Although the Apple and BBC sites have many common features which make them successful, such as strong navigation and a well organised site map, there is also a fundamental difference. The BBC site is designed to display rapidly changing content from various sources into a single cohesive website. The Apple site, with all the content being produced internally to fit the site, is designed much more like a you would design a brochure or static print product.  Both sites have managed to accommodate their target audience, push the boundaries of web design whilst retaining common features to help less experienced users to find their way around the information.

Evolution of website design
As user expectations evolve, designers need to push the boundaries to stay up-to-date and meet the expectations of an audience that gets more and more web-savvy. Additional features and trends which have become more common across the web are things such as breadcrumbs, intelligent and dynamic content and the use of tab systems to visually subdivide content.  Design trends come and go but primary navigation techniques tend to evolve slower, with only the occasional breakthroughs which have a ripple effect across the rest of the web if successful. It seems that no matter how nice your design is, people want to be able to navigate it right away without having to look for a way around.

But there are a few exceptions to this. For some sites, the target audience actively expects to be challenged both in design and in navigation. For example sites in the design business would not be judged well if they stuck to the old conventions. Their aim is to actually break away from established habits. The best approaches then slowly find their way into the mainstream. They can do this because their target audience is prepared to work harder to get to the information they need.

Here are two sites that don’t use traditional navigation techniques, but do come up with some unique and novel basically wants to ask you Yes/No questions. So that’s the navigation they are pushing. If you want more, you’ll have to look for it. The navigation serves to push the user towards the important parts of the content.MSNBC’s Spectra
aims to presents the news in a colourful, new way. There are some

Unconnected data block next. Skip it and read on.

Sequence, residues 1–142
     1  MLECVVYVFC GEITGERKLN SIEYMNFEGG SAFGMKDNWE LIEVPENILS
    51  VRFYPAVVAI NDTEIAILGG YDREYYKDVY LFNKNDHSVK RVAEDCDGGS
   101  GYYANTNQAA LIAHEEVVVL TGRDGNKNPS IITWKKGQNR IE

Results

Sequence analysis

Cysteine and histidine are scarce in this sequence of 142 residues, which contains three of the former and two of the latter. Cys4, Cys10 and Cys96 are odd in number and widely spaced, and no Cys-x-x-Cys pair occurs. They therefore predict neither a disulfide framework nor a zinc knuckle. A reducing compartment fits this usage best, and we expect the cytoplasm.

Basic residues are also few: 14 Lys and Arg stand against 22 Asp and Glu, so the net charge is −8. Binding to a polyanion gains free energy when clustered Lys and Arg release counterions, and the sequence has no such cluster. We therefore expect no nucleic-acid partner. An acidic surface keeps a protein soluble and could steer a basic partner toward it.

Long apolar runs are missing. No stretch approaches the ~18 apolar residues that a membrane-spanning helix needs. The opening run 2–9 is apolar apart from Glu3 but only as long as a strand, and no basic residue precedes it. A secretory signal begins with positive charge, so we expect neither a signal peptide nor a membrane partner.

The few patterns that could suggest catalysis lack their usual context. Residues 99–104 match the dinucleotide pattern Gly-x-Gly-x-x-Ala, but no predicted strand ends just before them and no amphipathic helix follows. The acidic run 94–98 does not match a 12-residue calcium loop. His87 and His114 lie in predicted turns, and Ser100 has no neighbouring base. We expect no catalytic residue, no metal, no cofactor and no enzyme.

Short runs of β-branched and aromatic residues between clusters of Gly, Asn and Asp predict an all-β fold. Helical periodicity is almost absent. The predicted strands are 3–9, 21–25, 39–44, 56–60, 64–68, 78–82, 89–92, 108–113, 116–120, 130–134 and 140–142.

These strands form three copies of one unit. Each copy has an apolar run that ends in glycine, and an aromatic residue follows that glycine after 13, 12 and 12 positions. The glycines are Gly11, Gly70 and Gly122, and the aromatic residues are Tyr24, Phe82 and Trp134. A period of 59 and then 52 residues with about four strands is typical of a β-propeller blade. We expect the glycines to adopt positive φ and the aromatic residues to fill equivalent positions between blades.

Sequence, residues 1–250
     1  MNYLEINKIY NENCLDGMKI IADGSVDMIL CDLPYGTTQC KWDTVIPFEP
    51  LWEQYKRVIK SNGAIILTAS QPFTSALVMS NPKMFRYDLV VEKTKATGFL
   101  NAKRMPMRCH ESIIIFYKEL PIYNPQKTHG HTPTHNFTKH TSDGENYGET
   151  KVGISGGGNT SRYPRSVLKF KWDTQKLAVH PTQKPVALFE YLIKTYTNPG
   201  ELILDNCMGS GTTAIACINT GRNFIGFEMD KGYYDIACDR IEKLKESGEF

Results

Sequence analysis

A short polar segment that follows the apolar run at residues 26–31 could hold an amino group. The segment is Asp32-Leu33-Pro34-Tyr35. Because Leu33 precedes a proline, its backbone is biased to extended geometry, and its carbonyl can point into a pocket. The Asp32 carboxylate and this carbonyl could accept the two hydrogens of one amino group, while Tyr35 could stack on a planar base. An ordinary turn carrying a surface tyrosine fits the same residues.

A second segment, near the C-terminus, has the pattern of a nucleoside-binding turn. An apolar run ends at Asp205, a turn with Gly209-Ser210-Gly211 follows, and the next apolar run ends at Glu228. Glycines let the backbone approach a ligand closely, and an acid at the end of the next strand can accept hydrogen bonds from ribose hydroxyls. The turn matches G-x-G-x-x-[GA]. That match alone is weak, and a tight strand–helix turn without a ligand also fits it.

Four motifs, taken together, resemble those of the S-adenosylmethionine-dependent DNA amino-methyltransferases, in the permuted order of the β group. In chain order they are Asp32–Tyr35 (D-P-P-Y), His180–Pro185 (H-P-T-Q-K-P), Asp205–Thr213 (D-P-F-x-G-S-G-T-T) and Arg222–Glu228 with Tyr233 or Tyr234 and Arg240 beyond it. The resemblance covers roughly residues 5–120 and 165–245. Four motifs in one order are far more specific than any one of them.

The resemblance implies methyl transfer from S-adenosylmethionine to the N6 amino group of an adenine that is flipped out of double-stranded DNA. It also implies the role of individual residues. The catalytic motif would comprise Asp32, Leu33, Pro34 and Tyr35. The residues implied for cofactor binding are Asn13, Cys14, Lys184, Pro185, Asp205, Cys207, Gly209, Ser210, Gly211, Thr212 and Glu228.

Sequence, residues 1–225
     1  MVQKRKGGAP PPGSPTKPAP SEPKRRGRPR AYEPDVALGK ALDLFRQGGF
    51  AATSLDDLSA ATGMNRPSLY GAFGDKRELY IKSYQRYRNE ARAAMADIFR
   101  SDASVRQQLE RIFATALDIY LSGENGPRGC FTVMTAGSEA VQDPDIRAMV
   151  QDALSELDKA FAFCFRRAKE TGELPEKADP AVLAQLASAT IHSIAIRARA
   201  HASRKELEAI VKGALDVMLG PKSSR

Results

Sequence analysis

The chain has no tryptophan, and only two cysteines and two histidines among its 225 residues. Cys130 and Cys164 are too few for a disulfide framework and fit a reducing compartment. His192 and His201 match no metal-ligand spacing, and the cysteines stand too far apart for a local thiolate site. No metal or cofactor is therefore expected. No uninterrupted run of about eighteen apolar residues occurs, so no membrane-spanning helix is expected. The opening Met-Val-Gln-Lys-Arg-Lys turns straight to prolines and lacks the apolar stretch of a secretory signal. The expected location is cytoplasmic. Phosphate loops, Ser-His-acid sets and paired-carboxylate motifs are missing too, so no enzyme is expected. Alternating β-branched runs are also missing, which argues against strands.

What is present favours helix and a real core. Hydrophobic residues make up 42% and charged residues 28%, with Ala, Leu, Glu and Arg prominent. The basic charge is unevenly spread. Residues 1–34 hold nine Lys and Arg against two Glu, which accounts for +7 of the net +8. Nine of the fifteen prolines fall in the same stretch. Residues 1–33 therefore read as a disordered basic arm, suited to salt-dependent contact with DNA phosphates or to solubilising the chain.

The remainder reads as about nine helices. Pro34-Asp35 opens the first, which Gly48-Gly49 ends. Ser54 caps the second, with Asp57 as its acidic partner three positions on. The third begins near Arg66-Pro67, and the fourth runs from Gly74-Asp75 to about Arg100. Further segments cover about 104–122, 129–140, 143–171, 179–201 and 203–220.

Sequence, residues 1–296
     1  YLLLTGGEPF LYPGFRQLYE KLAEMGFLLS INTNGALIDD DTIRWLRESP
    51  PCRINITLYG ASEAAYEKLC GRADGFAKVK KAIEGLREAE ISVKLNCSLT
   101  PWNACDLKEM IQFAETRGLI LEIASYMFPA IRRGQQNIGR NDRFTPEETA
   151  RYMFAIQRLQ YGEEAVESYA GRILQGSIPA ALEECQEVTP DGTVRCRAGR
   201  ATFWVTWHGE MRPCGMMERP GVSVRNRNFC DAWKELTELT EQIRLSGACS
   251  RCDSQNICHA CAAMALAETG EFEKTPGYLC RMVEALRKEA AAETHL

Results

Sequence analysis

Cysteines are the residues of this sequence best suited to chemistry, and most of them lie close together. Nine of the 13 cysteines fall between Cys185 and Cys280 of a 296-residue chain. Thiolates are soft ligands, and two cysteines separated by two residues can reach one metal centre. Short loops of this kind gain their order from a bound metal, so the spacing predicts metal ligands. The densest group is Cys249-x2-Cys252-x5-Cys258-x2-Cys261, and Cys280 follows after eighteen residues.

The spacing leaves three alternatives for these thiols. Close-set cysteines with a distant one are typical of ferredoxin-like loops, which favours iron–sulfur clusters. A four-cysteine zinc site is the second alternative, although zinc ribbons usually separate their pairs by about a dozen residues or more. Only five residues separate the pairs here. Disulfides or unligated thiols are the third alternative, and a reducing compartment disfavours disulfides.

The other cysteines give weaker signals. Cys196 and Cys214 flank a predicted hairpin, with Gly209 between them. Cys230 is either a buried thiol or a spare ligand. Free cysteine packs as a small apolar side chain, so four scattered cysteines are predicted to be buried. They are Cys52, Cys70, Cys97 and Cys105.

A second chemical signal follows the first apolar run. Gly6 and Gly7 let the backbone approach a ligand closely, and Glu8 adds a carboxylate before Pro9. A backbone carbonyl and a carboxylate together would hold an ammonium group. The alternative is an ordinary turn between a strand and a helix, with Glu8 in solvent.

innovative navigational features such as colour coding news segments
but it is clear it was not designed to be a One Stop News Shop of a
regular news portal. This was designed to look pretty. And it does.

break with convention to provide a uniquely tailored navigation of the
content within the site. The sites look and function in completely
different ways to conventional websites and are likely to confuse
rather than inform many users. However, some of the innovations may
ultimately make their way into more ‘mainstream’ sites.

your website needs an explanation of how it works and how to navigate,
it needs addressing. After building a site it is easy to take for
granted all the details we have painstakingly worked over and assume
they will be as obvious to a third party as they are to you. As a
result, the navigation of a site is vitally important, this can serve
as a great tool in aiding the user experience when used appropriately
for the specific target audience. The key is defining this at an early
stage and designing accordingly.

  • Joshua Hughes

    Great post. I couldn’t agree more. Websites should be designed for two people – the client and the end user. The client wants as many sales, sign-ups (or whatever the site needs to generate) as possible, and the end user needs to be able to reach that goal with as few obstacles in their way as possible. Our job is to balance the goals and obstacles along with the aesthetics. Monitoring a website post-launch is pretty important too, just to make sure you got that balance right ;-)

  • Andy Wise

    Absolutely. Post launch maintenance is absolutely vital to the success of any online strategy and it’s the clients that appreciate this that have the most successful web presence.

Back to top

Contact us, we'd love to hear from you.

  • Business enquiry
  • General enquiry
  • Press
  • Careers
  • Support
Google Maps

Email this page to a friend.

× Engine Creative Squideo Player

Engine Creative Showreels

TV Commercials




Digital Projects